Executive Summary

The case/care management career path is wide open, experts say. Career growth can be in a variety of settings and organizations, depending on the individual case manager’s interests and talent.

• A nursing foundation remains important.

• Case managers also should seek certification and keep up with education and training.

• Population health and patient navigator roles are becoming increasingly important for CMs.

 

Case and care managers in today’s healthcare arena can create a career path that will take them to any care setting, case management experts say.

“I think they have a huge opportunity,” says Peggy Crabtree, RN, MBA, vice president of The Camden Group, a healthcare management and consulting firm in Los Angeles.

Case managers (CMs) can go into various settings using their acquired skills, and be very successful, she adds. “This is probably one of the areas where they have the greatest opportunity for growth,” she says.

Case management requires unique skills that help patients transition and move across the continuum of care, she notes.

“Case managers have the ability to touch every aspect across that continuum,” Crabtree adds.

However, case and care managers face the primary challenge of lacking a clear and simple career path, says Bridget Gulotta, RN, MSN, MBA, senior consultant for The Camden Group in Chicago.

Career growth can take them to different settings and organizations where the roles and responsibilities are often very different, Gulotta explains.

“Some use case managers with a more utilization management [UM] focus, while others need discharge planners or a combination of both,” she says.

Unlike many other careers, there’s not a simple definition for a career trajectory, and CMs might make their upward or lateral moves based on their organization’s leadership.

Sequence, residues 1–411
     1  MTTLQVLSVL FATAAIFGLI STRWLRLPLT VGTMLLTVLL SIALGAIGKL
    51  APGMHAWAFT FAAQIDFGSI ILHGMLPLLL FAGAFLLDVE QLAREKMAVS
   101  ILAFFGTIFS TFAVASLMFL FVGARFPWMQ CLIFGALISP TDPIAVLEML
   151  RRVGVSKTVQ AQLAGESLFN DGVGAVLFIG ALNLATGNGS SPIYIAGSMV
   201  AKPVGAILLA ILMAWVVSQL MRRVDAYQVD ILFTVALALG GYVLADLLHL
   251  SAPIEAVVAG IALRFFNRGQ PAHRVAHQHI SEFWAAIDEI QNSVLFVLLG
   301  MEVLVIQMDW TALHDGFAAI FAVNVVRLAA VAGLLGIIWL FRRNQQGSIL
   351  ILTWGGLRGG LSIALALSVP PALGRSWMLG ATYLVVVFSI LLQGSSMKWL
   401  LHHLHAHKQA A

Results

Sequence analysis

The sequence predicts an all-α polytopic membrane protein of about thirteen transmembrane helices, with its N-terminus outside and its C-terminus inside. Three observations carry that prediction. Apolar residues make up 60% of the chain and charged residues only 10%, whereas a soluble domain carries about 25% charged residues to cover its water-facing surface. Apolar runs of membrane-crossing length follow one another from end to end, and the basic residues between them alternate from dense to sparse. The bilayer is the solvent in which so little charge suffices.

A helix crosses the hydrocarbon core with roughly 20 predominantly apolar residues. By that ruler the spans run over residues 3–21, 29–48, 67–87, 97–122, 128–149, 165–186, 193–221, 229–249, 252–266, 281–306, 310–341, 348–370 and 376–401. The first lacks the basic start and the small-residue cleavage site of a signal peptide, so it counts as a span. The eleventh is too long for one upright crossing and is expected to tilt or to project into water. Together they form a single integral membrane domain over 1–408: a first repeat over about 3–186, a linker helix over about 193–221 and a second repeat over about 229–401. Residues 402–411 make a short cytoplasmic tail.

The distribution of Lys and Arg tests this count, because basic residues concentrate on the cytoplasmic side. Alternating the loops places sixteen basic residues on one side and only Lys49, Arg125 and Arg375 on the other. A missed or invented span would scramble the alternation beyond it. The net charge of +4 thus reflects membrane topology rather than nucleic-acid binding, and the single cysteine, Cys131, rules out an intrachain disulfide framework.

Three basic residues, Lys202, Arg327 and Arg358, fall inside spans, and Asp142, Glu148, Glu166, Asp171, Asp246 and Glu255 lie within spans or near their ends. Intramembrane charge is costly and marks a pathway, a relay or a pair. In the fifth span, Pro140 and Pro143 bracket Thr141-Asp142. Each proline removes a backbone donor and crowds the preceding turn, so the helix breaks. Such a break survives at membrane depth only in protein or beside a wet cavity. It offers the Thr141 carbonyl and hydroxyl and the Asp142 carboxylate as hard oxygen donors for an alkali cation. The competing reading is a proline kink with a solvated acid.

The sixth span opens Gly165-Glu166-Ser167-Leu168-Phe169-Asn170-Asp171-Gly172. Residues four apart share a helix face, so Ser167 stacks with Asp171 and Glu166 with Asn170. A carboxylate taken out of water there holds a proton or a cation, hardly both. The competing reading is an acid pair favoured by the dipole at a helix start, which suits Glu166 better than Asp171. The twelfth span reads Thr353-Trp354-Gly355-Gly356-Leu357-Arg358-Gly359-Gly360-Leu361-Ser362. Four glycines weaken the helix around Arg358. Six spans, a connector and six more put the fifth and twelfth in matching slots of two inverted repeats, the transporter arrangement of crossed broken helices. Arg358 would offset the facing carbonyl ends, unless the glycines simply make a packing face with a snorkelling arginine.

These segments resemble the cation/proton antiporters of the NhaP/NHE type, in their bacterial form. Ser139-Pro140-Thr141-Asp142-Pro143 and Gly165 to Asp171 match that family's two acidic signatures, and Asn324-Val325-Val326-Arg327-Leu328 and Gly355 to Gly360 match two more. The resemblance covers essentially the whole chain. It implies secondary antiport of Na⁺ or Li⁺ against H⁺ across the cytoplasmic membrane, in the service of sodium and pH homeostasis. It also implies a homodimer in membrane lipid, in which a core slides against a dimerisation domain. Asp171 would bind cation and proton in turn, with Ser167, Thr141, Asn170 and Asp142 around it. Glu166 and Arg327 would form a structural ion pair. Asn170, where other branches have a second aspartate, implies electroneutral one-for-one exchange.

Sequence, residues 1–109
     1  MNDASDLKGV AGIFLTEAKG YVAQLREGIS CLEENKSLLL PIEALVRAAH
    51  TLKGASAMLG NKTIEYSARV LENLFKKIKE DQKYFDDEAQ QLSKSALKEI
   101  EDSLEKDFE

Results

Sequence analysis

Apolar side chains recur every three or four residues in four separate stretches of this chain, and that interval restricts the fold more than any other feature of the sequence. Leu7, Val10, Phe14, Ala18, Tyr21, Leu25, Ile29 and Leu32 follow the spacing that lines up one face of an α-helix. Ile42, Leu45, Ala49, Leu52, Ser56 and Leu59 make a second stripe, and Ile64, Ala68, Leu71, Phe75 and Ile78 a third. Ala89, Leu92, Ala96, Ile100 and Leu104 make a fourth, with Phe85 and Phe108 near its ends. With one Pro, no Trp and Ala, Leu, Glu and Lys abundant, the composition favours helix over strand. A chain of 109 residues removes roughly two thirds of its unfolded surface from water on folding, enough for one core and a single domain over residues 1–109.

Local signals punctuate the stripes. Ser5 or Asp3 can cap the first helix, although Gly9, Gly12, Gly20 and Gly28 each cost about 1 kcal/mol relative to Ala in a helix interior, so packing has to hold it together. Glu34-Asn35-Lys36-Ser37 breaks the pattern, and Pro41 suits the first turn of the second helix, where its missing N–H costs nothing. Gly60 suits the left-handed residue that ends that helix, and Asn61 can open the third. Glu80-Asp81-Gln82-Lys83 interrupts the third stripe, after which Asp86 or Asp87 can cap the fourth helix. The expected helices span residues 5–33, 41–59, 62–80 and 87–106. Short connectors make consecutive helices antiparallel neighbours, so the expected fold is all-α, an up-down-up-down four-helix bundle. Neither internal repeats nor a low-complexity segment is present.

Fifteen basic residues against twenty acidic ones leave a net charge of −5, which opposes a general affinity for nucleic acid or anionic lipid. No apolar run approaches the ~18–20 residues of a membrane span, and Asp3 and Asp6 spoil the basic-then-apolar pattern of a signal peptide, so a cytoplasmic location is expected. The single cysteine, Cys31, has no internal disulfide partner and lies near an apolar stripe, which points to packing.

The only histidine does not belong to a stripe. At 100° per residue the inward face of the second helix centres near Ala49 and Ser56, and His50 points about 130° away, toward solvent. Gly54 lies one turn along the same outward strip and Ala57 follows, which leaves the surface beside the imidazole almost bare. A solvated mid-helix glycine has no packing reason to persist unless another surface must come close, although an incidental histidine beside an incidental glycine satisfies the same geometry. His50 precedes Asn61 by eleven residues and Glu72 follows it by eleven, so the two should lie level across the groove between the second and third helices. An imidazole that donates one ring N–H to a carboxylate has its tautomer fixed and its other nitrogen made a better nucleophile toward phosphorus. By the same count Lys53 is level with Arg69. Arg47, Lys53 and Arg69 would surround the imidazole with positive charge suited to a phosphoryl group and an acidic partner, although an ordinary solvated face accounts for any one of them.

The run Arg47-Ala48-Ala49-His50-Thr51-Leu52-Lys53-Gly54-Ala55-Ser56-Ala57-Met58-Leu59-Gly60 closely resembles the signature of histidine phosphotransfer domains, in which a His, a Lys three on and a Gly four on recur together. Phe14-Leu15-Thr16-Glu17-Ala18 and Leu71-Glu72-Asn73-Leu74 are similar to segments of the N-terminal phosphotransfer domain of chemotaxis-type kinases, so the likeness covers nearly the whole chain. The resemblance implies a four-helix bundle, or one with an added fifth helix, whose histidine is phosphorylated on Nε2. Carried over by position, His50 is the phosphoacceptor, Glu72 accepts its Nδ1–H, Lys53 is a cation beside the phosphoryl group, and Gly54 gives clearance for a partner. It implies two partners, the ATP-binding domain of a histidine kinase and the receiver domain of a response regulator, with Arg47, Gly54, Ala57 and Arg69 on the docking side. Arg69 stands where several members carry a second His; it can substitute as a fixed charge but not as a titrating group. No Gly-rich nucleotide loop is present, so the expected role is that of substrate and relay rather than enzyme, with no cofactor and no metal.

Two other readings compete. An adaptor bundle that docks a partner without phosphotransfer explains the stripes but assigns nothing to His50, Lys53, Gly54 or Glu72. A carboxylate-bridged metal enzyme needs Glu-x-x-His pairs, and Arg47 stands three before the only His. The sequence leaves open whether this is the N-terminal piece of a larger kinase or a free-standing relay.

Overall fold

“Without having those defining career paths or having a culture that promotes career development, it’s difficult for care managers to get the experience and full breadth of development they could and should,” Gulotta says.

With new healthcare payment models such as bundled payment, care management is less acute-care focused than previously, Crabtree notes.

“Traditional case management has been inpatient-centric,” she says. “So the skillset is being able to work in multidisciplinary teams and to have good communication skills.”

Traditional CMs also needed to work with physicians, hospitalists, and others in healthcare. While these skills still are important, there are many more that CMs need to have for thriving careers. Crabtree and Gulotta suggest the following strategies and directions for creating a case management career pathway:

Training from the ground up: Nursing education and experience remain among the most important foundations for case management careers, Gulotta notes.

“For ex-nurses there are many paths you can take,” she says. “Care management, especially now as this role is evolving and growing in so many different areas, is one path.”

Nurses and nurse practitioners also can easily transition into patient navigator roles, Crabtree says.

“Nurse navigators assist with transitions,” she adds. “Health plans have made important changes where we’re seeing a more proactive approach, so we can avoid readmissions or additional complications.”